In late 2011 Chinese national Zhong Heng Shan, chairman and director of the Nguyen Long Son Co Ltd, a subsidiary of China’s Nguyen Hinh Group, inked a contract with Pham Phu Thanh to receive 100ha of agricultural land in Ham Chinh Commune of Ham Thuan Bac District, and another 10,000-square-meter plot in Ham Duc Commune.
The two, however, became involved in a dispute over the land transfer. But while the dispute has yet to be resolved, Zhong has submitted a document to the provincial people’s committee to seek permission to import equipment and machinery to begin production on the land.
Zhong said in the document that he had transferred VND13.5 billion to Thanh to complete the contract, but the Vietnamese man has still refused to hand over the real-estate papers and the construction and investment licenses.
Thus, Nguyen Long Son Co called for intervention from local authorities and proposed to be allowed to grow blue dragon fruit on the 100-hectare plot in Ham Chinh and build plants and offices on the plot in Ham Duc.
However, Thanh told a different story.
Thanh said he has so far received only VND10.5 billion from Zhong, while he has already handed over all of the relevant papers to him.
He added that Nguyen Long Son Co was initially formed by him on December 30, 2011, with total registered capital of VND90 billion. Thanh held a 20 percent stake of the company, worth VND18 billion, and a man called Vu Duy Tam accounted for the remaining VND72 billion.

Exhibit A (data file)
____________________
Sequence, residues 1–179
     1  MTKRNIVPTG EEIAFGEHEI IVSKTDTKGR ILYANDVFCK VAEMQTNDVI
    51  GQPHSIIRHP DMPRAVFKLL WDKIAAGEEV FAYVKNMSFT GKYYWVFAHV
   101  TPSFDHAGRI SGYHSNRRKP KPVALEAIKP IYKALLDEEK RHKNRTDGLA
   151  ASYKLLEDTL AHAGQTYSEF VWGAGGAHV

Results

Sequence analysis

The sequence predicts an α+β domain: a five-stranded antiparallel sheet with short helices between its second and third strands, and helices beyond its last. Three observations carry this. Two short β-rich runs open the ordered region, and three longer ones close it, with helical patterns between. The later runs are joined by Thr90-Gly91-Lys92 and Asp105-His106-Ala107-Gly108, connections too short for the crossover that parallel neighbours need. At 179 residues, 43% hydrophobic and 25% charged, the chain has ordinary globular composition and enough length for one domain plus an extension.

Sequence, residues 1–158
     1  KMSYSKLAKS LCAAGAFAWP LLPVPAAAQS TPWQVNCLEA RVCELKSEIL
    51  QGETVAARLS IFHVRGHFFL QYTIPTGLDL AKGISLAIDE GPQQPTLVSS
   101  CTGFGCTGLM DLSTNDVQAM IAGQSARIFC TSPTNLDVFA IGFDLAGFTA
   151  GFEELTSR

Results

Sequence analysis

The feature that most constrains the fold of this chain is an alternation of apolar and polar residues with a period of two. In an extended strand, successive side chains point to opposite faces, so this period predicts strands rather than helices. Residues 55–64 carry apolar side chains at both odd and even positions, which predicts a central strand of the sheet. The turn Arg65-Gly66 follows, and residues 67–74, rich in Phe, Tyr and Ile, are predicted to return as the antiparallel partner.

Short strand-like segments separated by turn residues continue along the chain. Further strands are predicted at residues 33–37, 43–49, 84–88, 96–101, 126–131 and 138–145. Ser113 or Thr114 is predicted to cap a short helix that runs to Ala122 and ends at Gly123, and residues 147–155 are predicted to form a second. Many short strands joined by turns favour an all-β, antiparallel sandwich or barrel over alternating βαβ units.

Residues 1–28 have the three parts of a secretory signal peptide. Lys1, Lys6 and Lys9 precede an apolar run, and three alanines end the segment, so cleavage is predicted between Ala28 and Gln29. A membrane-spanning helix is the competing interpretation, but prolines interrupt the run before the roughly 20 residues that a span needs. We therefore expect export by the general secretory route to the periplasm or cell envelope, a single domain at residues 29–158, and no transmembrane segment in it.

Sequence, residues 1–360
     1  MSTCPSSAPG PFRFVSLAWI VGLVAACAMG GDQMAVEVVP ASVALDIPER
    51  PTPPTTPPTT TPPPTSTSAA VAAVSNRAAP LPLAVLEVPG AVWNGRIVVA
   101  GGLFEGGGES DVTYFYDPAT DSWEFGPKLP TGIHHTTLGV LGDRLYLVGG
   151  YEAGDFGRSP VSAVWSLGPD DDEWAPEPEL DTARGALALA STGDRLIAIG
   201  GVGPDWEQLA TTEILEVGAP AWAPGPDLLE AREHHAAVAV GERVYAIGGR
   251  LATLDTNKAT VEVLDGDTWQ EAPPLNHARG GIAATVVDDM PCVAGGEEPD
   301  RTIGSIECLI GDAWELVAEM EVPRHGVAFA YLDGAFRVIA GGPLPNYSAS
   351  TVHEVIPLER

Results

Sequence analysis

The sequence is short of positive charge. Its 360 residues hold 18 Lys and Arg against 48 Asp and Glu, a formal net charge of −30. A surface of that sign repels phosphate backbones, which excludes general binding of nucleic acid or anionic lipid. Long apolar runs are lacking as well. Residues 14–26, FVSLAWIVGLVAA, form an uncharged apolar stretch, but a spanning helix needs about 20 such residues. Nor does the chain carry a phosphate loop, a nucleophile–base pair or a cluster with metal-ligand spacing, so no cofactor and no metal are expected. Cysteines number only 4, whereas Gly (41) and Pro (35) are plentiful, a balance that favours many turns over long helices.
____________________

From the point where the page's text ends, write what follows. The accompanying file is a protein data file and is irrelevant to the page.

Two months later, on February 28, 2012, the company registered to add two more shareholders from China -- Huang Bi Qiu and Zhong Heng Shan. Qiu then took a 30 percent stake, and Zhong 40 percent.
As Thanh and Tam both reduced their shares to a modest 5 percent stake each, the company has fully come under the management of Zhong.
However, it is the presence of the two Chinese men that prevents the company from getting the investment license, as the provincial people’s committee said the company has now become a foreign-invested one.
Under current law, if the investors want to set up plants, they have to do it inside the province-based industrial parks, the committee said.